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A couple of strange things happened as I watched Jon Jones’ latest Instagram video.

This was Sunday morning after UFC 192, when I woke up to discover Jones right back to his old tricks again. The 10-second video the former UFC light heavyweight champion posted (and deleted) late Saturday appeared to show him hinting at a comeback to fighting, but only in the vaguest possible terms.

It was timed perfectly to steal the thunder from Daniel Cormier, as the current 205-pound champion had just completed a hard-fought victory over Alexander Gustafsson in the UFC 192 main event. In this way—not to mention the video’s bizarre vapidity and apparent lack of self-awareness—it was classic Jones.

“I think I miss it,” the seemingly glassy-eyed fighter says while pulling a variety of goofy faces. “I don’t know.”

We don’t want to read too much into a 10-second video, of course. But since this social media salvo was Jones’ first person-to-person contact with MMA since his bosses told him to go get his head straight, it was jarring to see him carrying on as if nothing had happened.

Just as the short snippet ended—the strange things hit me.

First, if Jones meant to show us he’d learned anything from spending the last five months in legal limbo, stripped of his title and suspended indefinitely by the UFC, this was certainly not the way to do it.

Second, I realized when he finally does return to the Octagon, I don’t want to see this same old version of Jones.

I don’t want to watch his tired act all over again. For a man as obviously talented but troubled as Jones, business as usual just won’t cut it if he wants to count me back among his supporters.

And trust me, I supported Jones as long and as loudly as I could—until one too many car wrecks made that support untenable.

When Jones returns to the cage, I want to see a new guy, one fans can trust will pick up where he left off without any further interruptions. A guy who might even come back better than before.

But the guy in this video? That’s the same old guy. That’s the guy who already did everything he could to screw this up. Honestly, I’m no longer very interested in that guy.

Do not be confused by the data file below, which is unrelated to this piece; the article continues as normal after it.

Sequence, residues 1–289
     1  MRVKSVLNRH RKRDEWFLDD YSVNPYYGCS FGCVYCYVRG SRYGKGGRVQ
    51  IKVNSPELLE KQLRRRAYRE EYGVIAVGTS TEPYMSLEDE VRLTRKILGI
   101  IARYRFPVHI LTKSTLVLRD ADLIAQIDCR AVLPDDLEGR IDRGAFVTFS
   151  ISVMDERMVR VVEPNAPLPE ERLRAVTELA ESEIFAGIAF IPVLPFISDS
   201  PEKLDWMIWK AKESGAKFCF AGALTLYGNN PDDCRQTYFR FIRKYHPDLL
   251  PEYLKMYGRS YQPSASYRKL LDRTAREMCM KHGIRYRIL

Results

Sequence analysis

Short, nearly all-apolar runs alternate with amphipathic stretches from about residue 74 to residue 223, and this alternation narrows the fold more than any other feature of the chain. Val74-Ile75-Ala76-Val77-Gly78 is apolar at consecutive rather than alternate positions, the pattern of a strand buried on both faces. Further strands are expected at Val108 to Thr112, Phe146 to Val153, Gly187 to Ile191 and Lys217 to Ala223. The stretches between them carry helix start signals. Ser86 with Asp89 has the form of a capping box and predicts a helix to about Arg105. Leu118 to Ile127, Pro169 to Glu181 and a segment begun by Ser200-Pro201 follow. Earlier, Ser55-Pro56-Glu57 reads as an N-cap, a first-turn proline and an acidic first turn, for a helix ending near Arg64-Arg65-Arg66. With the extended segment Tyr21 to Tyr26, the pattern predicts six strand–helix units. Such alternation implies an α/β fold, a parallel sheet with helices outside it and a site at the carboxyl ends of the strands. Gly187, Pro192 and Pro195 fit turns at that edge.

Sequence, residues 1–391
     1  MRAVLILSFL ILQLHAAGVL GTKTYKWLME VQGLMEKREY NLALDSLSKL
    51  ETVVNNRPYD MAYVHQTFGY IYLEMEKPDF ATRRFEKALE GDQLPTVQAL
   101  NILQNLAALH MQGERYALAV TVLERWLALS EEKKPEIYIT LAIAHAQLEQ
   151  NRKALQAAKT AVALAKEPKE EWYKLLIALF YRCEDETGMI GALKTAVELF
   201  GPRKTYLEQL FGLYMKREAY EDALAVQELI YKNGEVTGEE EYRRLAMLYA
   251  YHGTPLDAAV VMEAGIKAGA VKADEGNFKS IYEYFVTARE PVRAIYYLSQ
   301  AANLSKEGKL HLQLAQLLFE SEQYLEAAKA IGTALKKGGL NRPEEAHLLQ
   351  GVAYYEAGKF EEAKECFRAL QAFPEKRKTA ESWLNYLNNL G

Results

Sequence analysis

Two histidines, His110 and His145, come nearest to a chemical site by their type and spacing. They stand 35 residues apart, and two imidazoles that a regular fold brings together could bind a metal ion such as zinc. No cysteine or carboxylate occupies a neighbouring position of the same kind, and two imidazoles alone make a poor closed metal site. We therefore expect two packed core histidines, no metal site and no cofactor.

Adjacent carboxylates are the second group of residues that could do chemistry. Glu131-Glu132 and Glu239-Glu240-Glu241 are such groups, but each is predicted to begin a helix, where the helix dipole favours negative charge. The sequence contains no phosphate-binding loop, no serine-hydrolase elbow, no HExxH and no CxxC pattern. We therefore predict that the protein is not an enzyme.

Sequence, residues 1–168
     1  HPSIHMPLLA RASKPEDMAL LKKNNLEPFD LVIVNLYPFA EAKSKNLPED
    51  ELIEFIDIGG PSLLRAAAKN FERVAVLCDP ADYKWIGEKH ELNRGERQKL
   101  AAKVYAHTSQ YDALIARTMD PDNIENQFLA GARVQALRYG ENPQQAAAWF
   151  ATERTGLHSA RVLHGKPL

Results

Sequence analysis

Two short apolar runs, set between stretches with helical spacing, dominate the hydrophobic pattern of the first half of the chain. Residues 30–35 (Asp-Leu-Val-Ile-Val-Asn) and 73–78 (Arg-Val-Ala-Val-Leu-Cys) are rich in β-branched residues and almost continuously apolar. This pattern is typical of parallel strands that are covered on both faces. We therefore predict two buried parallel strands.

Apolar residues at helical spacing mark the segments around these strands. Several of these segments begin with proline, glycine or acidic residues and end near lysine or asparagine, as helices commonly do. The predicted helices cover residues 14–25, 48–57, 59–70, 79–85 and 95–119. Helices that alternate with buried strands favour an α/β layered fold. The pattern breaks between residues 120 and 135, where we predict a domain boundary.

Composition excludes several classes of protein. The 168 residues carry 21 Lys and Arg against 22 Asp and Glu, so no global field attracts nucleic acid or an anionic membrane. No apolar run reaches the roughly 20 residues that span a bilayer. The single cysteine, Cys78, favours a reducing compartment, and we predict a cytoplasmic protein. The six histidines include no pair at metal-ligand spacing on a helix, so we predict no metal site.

Just four days earlier a contrite Jones stood in an Albuquerque, New Mexico, courtroom asking district judge Charles Brown for another chance after his April hit-and-run accident. Now here he was, shirtless in his kitchen, filming himself with his smartphone as he segued seamlessly back into social media troll mode.

At the moment, we don’t know exactly what is next for the light heavyweight GOAT. The UFC hasn’t yet reinstated him, saying it’ll take the time to thoroughly review his plea deal with prosecutors before it makes a final decision on his employment status.

Add to that uncertainty the fact we never found out exactly what was wrong with Jones in the first place. The police found marijuana in his car after he fled the scene of a wreck that sent a pregnant woman to the hospital, but there was never any hard evidence that he was drunk or on drugs at the time. The accident occurred just before noon on a Sunday.

Three months before the crash, however, we learned he’d tested positive for cocaine in the lead-up to his UFC 182 win over Cormier. That time, we were also told he’d cured himself with a 24-hour stint in rehab.

So you can see how we might already be suspicious of the Jones-gets-his-life-together trope. The idea that the forfeiture of his title and an 18-month probationary sentence would turn him into a new man seemed like a dubious one to begin with.

But we at least thought a guy who had been through so much turmoil would give more thought to crafting his message from here out. We thought Jones would see this as a chance to start fresh, without the baggage of his past and with a new image to go along with the new lifestyle he’ll surely be pitching before his UFC return.  

Then the Instagram video hit and we all thought: Nope, that looks like the same old Jon Jones.

And that made us nervous.

It bears pausing a moment to note how badly we need Jones back in our lives. He is without question the greatest talent our sport has ever seen. He’s so good we named him the front-runner for best ever years ago, preemptively and based largely on the notion no one would ever come along to take it all away from him.

Later, we discovered the person intent on taking it all away was Jones himself.